SPROUTING CORN SEEDS: SWEET CORN, FIELD CORN, POPCORN
By Tom Billings
Of course sweet corn seeds will sprout, if you can find good
quality seed that has not been treated with fungicide. One sprouting book suggests taking
sweet corn from the store, allowing it to dry (intact, on corn cob, with husks still in
place), and use that for sprouting. Of course you have to get the corn kernels off the
cob, but that is easily done by hand once the ears are dried.
Anyway, I tried doing just that, on two separate occasions.
After removing the corn kernels from the cobs, I allowed the seed to dry further for
storage. Then I tried sprouting the sweet corn seed. The results were very disappointing -
after about 30 hours in water, the dried sweet corn seeds had not hydrated (i.e., did not
absorb water) at all! If they don't hydrate they certainly can't sprout. (I terminated
both trials at that point - end of soaking period).
So my first trials in sprouting sweet corn were not
successful. Later, I obtained some organic, untreated sweet corn seed from Seeds of Change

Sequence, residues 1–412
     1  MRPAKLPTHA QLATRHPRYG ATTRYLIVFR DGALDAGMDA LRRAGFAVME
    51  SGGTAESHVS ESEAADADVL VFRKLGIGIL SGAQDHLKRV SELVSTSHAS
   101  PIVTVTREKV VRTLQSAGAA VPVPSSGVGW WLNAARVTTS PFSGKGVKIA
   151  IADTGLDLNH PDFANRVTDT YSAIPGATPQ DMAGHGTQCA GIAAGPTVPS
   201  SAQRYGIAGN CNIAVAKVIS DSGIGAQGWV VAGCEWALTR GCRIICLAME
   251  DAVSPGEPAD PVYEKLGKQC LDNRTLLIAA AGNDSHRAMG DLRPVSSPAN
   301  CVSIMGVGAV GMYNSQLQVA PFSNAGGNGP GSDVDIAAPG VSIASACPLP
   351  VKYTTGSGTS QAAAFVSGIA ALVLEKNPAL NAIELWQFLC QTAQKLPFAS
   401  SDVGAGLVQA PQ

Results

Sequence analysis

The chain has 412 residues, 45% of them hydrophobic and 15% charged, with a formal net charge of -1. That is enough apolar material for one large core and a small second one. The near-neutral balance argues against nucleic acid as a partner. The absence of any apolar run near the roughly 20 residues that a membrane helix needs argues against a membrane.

('Rainbow Inca' variety). These were of very high quality and sprouted nicely - soak for
24 hours, then sprout for 2.5-3 days. The result is a sprout that tastes like raw sweet
corn, but is not as sweet. There were no problems with mold or bacteria. Success at last
in sprouting sweet corn!
However, the overall results of this experiment were not 100%
positive. Because the seed costs $9.00 per pound (plus $4 shipping), sprouting sweet corn
seed is not economical. Frankly, I would advise eating raw sweet corn instead - more
flavor, less trouble, and cheaper than trying to sprout expensive seed. If you decide to
try sprouting sweet corn seed, make certain that the seed you use is not treated with
fungicides or other toxic chemicals. Most sweet corn seed is sold for the
garden/agriculture market, and has poisons applied to control damping-off and other
diseases that kill seedlings.
Also, if/when you eat raw sweet corn, I recommend eating the
raw corn silk also. Corn silk is delicious, a diuretic, and often used by Western
herbalists in anti-diabetes programs. In a sense, the corn silk may serve as an antidote
to the excessively high sugar level found in today's modern hybrid corn varieties.
I should also mention that field corn and popcorn both sprout
OK. However, both are uneven and irregular sprouters, blue mold is a serious problem with
both, and the outer shell of the popcorn kernel is very hard even when sprouted. Field
corn sprouts are soft if grown long enough, but their flavor is starchy and can be very
bland. Again, the easiest way to eat raw corn is to just eat raw sweet corn. If you insist
on sprouting field corn or popcorn, inspect the seeds and remove broken/moldy kernels
before soaking (quality of seed can be highly variable), soak for a minimum of 12 hours,
and sprout for 2.0 or more days.
Good luck in your sprouting experiments!